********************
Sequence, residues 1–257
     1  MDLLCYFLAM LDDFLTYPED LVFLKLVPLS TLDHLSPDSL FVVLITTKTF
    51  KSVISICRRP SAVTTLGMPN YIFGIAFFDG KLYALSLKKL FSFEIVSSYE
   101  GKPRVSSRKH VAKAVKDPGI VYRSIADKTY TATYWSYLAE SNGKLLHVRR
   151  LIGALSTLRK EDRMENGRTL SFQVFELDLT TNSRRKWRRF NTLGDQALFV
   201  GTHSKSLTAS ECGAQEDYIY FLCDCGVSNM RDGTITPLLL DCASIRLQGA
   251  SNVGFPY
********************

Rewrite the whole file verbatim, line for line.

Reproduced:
Sequence, residues 1–257
     1  MDLLCYFLAM LDDFLTYPED LVFLKLVPLS TLDHLSPDSL FVVLITTKTF
    51  KSVISICRRP SAVTTLGMPN YIFGIAFFDG KLYALSLKKL FSFEIVSSYE
   101  GKPRVSSRKH VAKAVKDPGI VYRSIADKTY TATYWSYLAE SNGKLLHVRR
   151  LIGALSTLRK EDRMENGRTL SFQVFELDLT TNSRRKWRRF NTLGDQALFV
   201  GTHSKSLTAS ECGAQEDYIY FLCDCGVSNM RDGTITPLLL DCASIRLQGA
   251  SNVGFPY